Let the Foreigner Come I

Yisrael Medad,

לבן ריק
לבן ריק
צילום: ערוץ 7
Yisrael Medad
I am a resident of Shiloh, with my wife and children, and now grandchildren, since 1981, having come on Aliyah in 1970. I have served in a volunteer capacity as a Yesha Council spokesperson, twice a member of Amana's secretariat, Benjamin Regional Council plenum member and mayor of Shiloh. I was a parliamentary aide for Geula Cohen and two other MKs, an advisor to a Minister, vice-chairman and executive director of Israel's Media Watch and was Information and Content Resource coordinator for the Begin Heritage Center. I am now Deputy Editor of the critical edition in anthology of Jabotinsky's writing in English.

                                          The following essay is presented in two parts because of its length.

                                                                             The second part is here.


By Yisrael Medad

The activities of certain Christian pro-Israel/Zionism groups, foremost among them HaYovel*, to assist the farmers of Judea and Samaria has caused quite a negative reaction among Jews opposed to Christian cooperative ventures, most recently here and here, and this event.  The following is an expanded reworking of an article I published in Hebrew on the issue.

The remarkable historical development for the past several centuries has been that the Jewish people, while still being persecuted by Christians, are being, in a parallel development, assisted by Christians to realize the ancient dream of the ‘return to Zion’, a process they term as the “Restoration”, and thereby accomplish the establishment of the Jewish national home in Israel. This is true since the days of Sir Henry Finch who, in 1621, wrote his “The World's Great Restauration, or Calling of the Jews”, and Napoleon, Lord Shaftesbury and Laurence Oliphant (who wrote the Land of Gilead) including Rabbi Menachem Mendel of Shklov and his conversations in 1827 with the convert Joseph Wolf to promote diplomacy with the British Consulate in Jerusalem on to Lord Balfour and his declaration and until the present day.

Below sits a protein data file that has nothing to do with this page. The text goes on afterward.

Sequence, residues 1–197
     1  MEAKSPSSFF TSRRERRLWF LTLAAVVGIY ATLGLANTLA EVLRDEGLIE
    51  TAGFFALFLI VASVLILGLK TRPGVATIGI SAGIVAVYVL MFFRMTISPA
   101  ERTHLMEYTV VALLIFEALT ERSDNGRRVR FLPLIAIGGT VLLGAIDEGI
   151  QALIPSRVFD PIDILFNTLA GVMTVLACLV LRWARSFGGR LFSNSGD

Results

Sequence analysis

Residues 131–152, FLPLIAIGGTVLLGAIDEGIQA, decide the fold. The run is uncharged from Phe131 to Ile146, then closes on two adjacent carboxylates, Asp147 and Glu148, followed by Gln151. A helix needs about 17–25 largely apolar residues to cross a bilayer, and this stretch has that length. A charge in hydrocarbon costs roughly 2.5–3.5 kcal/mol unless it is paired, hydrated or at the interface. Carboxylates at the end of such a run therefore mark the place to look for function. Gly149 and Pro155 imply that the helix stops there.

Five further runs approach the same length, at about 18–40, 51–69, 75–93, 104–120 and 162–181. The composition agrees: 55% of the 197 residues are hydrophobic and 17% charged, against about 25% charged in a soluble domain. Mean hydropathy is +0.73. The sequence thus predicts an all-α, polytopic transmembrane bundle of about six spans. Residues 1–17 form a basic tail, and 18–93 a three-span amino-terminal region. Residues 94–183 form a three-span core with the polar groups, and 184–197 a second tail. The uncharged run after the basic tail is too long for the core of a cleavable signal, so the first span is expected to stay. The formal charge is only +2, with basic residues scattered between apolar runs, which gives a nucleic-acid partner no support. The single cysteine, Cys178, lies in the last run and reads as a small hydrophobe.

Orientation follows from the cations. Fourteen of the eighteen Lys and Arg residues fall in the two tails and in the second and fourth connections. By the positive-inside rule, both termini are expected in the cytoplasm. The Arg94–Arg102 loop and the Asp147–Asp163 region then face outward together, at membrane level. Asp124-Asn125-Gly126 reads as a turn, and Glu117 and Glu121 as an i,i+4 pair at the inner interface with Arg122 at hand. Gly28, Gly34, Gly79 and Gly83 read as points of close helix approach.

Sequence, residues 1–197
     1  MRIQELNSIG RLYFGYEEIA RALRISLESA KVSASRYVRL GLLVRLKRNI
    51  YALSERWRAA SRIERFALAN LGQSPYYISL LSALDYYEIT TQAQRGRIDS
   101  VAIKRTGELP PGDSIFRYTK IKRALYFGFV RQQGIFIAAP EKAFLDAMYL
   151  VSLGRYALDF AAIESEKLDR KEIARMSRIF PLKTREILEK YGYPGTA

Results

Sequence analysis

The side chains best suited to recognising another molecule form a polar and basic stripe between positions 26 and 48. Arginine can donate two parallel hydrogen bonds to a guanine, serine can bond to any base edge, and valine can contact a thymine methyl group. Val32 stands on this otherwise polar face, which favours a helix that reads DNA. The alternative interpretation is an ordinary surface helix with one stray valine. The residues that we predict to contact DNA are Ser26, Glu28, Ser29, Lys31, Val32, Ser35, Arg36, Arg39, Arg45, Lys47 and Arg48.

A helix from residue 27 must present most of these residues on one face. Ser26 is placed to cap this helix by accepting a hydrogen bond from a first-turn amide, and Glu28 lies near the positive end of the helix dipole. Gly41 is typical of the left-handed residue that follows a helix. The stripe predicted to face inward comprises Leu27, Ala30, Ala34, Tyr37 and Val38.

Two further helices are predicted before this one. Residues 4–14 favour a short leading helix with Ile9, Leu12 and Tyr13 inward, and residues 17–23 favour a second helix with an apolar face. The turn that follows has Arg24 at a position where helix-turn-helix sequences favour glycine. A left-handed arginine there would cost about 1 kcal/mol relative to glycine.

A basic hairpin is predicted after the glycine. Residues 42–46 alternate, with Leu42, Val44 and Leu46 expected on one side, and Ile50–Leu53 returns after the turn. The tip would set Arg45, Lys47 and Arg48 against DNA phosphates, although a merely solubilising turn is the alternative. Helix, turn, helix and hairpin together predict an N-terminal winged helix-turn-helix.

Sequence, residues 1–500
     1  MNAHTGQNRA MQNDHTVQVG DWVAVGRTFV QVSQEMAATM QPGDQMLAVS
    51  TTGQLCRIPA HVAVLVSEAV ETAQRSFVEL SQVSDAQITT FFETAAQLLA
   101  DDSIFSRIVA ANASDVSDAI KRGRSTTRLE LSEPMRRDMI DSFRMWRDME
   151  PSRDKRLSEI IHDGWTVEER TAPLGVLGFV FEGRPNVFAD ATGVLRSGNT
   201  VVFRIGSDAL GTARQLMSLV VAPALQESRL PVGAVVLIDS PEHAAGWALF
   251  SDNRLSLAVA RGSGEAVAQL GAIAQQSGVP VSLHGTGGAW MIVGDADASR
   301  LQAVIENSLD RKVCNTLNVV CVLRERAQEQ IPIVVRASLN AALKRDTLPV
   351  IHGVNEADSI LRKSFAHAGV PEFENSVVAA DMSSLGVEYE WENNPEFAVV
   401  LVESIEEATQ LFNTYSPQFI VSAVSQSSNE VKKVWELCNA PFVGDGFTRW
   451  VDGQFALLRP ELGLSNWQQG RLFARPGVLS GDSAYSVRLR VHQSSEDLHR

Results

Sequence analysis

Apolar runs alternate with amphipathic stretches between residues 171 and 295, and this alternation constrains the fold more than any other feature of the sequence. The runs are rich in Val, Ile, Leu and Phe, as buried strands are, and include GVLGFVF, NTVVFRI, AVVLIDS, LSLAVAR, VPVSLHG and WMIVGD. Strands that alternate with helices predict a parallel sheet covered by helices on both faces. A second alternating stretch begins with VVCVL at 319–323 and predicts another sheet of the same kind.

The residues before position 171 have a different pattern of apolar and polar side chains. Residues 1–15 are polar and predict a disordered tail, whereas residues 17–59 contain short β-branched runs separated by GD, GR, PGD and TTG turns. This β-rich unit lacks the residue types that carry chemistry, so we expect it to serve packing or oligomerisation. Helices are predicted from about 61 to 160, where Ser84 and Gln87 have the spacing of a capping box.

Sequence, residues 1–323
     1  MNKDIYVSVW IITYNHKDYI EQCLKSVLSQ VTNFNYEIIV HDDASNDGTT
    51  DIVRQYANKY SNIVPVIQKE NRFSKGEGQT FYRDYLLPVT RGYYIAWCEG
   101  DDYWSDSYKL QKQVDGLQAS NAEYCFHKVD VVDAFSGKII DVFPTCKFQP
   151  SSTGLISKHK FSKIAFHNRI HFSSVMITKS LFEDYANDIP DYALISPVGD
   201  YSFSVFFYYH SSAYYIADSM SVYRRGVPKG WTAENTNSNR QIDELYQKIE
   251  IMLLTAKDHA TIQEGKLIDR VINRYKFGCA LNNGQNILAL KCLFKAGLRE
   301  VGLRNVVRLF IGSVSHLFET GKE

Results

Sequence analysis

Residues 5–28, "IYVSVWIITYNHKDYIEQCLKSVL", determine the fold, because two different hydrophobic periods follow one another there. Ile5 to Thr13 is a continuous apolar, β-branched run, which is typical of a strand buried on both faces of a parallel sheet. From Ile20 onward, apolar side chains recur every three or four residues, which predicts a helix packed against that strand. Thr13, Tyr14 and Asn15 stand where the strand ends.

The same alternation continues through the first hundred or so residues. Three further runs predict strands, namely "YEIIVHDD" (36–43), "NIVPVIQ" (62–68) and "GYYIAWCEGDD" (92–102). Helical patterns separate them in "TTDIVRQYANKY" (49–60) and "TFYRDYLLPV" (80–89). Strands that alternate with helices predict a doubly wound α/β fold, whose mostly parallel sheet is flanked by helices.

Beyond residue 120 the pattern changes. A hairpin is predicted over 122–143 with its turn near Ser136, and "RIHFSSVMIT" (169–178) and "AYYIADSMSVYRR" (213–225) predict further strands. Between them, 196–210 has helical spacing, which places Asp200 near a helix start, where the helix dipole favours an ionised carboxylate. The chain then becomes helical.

At the present, the help is being expressed at the highest levels in the corridors of governments, foreign ministries, Houses of Parliament and Congresses and on the ground, literally, in acts iof voluntary labor in the vineyards and orchards in the hills of Judea and Samaria, and, in the words of Rabbi Eliezer Melamed:

“In modern times, we have witnessed increased support for Israel among evangelical Christians…They see with their own eyes how the Jewish people is returning to its land after its awful, two-thousand-year-long exile, and is creating a prosperous country. They see new settlements and vineyards flowering in the very areas described by the Bible, and they are excited by our miraculous return to Zion. They are overwhelmed by the fulfillment of the ancient prophecies of the prophets of Israel…  "Christians fulfilling the prophecy of Isaiah”, September 18, 2013.

Are we at a crossroads that requires a new understanding of the period we are in, a reality that demands a new paradigm of cooperation, one based on Biblical sources?

One new approach is this

“We’re not just talking about Christians wanting to help Jews out of solidarity or charity,” Hazony said. “We are talking about the dominant faith of Western civilization saying: ‘The Jews have something to give us, something that we need.’ This is not something that appears in the old playbook for Jewish-Christian dialogue.”

In relation to that, let’s recall that Maimonides in his Responsa, 148, permits teaching Torah to Bible-believing Christians because “they could return to the correct path” (is there an echo of "Tshuva" in that?).  As the verse in Isaiah 27:6 outlines, there are three stages. First in future days, Yaakov will take root, and then Israel will flourish and then the whole world will benefit from those blessings we enjoy.  There is, however, another approach.

Coming Closer to Holiness